Taking References to Functions


You need to manipulate a subroutine by reference. This might happen if you need to create a signal handler, a Tk callback, or a hash of function pointers.


To get a code reference:

$cref = \&func;
$cref = sub { ... };

To call a code reference:

@returned = $cref->(@arguments);
@returned = &$cref(@arguments);


If the name of a function is func, you can produce a reference to this code by preceding that name with \&. You can also create anonymous functions using the sub {} notation. These code references can be stored just like any other reference.

Perl 5.004 introduced the postfix arrow notation for dereferencing a code reference. Prior to that, to call a subroutine by reference, you had to say &$funcname(@ARGS), where $funcname contained the name of a function. Although it is still possible to store the name of a function in a variable, such as:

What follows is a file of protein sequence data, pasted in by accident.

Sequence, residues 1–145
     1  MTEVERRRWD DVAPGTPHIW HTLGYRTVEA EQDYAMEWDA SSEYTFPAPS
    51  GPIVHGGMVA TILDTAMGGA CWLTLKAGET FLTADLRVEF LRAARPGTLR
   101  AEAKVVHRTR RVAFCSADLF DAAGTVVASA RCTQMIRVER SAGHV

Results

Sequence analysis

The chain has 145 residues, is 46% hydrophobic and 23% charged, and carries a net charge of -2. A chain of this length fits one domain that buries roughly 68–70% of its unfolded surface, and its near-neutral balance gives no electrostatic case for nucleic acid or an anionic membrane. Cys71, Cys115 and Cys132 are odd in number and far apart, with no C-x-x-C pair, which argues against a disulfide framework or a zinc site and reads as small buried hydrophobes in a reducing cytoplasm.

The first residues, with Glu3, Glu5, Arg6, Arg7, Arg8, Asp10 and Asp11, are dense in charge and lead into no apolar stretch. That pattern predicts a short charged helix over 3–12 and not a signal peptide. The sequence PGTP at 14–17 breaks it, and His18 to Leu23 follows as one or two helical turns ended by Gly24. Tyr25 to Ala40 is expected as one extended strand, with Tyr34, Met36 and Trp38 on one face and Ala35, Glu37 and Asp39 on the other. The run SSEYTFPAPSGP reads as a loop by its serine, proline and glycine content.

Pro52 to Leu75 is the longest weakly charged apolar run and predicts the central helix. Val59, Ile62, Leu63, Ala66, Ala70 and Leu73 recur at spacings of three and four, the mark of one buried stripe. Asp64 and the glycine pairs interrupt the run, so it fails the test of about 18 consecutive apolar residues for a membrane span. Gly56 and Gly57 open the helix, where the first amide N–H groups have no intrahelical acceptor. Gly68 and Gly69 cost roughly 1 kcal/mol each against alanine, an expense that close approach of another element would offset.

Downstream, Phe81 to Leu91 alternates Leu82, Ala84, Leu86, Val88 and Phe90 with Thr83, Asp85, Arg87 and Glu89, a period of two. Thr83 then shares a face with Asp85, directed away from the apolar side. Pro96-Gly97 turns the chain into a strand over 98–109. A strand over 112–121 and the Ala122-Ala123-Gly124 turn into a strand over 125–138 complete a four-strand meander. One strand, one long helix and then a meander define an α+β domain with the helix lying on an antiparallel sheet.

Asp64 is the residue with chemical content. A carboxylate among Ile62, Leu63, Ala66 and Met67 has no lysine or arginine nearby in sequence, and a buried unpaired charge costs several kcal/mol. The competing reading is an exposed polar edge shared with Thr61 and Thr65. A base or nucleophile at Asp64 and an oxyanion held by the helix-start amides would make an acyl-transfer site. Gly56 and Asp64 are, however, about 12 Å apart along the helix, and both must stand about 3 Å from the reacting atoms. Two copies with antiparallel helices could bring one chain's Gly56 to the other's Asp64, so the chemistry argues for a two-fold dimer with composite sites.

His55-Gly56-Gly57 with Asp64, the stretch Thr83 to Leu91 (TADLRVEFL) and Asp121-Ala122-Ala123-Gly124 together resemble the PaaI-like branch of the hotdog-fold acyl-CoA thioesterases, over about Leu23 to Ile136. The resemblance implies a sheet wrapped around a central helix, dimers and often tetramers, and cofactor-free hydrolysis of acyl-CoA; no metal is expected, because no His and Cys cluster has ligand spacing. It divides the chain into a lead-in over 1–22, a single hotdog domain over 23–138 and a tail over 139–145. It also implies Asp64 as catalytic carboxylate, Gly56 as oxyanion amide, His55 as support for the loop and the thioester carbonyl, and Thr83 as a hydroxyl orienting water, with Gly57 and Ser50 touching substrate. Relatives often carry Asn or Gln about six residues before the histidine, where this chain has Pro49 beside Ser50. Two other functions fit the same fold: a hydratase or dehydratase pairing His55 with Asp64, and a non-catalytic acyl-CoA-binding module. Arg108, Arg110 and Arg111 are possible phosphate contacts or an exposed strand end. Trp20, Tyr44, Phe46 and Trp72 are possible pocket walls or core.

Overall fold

$funcname = "thefunc";

that’s not a very good solution for several reasons. First, it uses symbolic references, not real (hard) references, so it is forbidden under the use strict 'refs' pragma. Symbolic references to variables are usually a bad idea, since they can’t access lexical variables, only globals, and aren’t reference counted.

Second, it doesn’t include package information, so if executed in a different package, it would try to call the wrong function. Finally, in the odd case that the function were redefined at some point, the symbolic reference would get whatever the ...

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